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Living Lightly column

Listen to the wisdom of the children

By Gill Baker, Wangaratta Sustainability

Greta Thunberg organised a ‘Youth Strike for Climate’ in her native Sweden last year because she realised that her generation was going to have to deal with the effects of rapid human induced climate change, and that many of the leaders of world today either do not want to listen, or are not prepared to take the action required to moderate these effects.

‘Climate Strike’, put into the vernacular, ‘went viral’. School students all over the world took a day off school to show their solidarity in an attempt to put the issue of Climate Change front and centre of the threats to their future. Unlike some of our leaders, many senior students do  ‘get the science’ – they understand what is happening to our atmosphere and oceans as the climate warms.

They know that globally, native forests, important carbon sinks, have been drastically reduced.

Locally, many students are aware that the Box Ironbark forest that once covered a large area of Victoria and NSW has been reduced by at least 70 percent in 200 years, and that Queensland is clearing its forests even more rapidly.

They also know that Australia, with 0.3 percent of the world’s population produces a disproportionate 1.5 percent of the world’s emissions.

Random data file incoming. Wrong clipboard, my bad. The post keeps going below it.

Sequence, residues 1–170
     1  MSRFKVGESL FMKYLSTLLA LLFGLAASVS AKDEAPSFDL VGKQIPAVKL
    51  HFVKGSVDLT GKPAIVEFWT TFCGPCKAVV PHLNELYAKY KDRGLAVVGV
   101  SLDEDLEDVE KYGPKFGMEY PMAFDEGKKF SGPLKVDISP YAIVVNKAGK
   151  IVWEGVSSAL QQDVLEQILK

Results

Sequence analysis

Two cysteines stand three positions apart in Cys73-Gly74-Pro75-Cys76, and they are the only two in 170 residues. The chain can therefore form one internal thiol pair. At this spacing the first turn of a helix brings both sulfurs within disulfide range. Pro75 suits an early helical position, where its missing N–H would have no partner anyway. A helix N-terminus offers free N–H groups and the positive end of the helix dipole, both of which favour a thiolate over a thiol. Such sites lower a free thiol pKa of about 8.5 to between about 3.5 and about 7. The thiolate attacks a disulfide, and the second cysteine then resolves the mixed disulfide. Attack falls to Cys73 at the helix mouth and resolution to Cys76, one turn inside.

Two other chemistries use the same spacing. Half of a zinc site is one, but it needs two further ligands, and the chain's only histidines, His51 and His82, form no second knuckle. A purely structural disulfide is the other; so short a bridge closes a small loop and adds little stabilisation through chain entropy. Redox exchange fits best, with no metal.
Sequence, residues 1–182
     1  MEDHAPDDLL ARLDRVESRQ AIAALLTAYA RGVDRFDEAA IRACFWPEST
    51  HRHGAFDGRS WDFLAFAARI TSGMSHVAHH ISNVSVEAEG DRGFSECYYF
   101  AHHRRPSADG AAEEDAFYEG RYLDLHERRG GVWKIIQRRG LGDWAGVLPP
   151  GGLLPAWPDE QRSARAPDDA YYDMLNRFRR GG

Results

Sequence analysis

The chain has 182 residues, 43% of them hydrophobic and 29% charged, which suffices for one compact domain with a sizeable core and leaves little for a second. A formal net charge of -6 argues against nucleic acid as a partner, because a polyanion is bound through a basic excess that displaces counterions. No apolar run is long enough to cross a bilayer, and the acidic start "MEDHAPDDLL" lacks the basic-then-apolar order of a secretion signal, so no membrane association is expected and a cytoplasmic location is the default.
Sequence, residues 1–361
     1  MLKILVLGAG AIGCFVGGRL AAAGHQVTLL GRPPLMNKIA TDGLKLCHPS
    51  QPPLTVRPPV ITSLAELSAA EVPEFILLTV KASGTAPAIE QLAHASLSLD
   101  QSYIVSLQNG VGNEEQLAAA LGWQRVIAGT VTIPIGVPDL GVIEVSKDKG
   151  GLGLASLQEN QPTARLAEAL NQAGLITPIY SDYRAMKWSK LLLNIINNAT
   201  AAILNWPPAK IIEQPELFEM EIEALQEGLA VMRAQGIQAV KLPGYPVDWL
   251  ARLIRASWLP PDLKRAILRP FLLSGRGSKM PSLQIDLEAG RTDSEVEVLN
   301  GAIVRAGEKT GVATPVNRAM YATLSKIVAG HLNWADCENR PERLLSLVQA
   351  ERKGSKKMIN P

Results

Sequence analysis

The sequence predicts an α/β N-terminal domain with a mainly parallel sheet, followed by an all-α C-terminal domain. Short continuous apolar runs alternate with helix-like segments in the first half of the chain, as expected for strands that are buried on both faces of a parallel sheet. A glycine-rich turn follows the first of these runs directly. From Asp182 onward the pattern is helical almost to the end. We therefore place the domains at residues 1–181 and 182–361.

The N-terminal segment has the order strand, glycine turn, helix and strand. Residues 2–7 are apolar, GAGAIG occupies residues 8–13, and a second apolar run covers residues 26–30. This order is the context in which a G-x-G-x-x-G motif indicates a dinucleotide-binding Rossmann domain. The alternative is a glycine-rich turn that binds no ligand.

Climate Change, and its effect on the environment our children and grandchildren will inherit, will inevitably lead to global disruption, conflict over water and agricultural land,  with mass movement of refugees fleeing areas of flood and drought.

Greta, a 16 year old with Asperger’s syndrome, one of those nasty labels which in fact probably accounts for her deep insight and passion, has already addressed world leaders at the UN and the Economic Forum, and has been nominated for the Nobel Peace Prize.

Quotes from one of her speeches demonstrates the urgency of this cause, and Greta’s youthful wisdom:

“Here in Davos – just like everywhere else – everyone is talking about money. It seems money and growth are our only main concerns.

“Some say we should not engage in activism. Instead we should leave everything to our politicians and vote for change instead.

“But what do we do when there is no political will? What do we do when the politics needed are nowhere in sight?”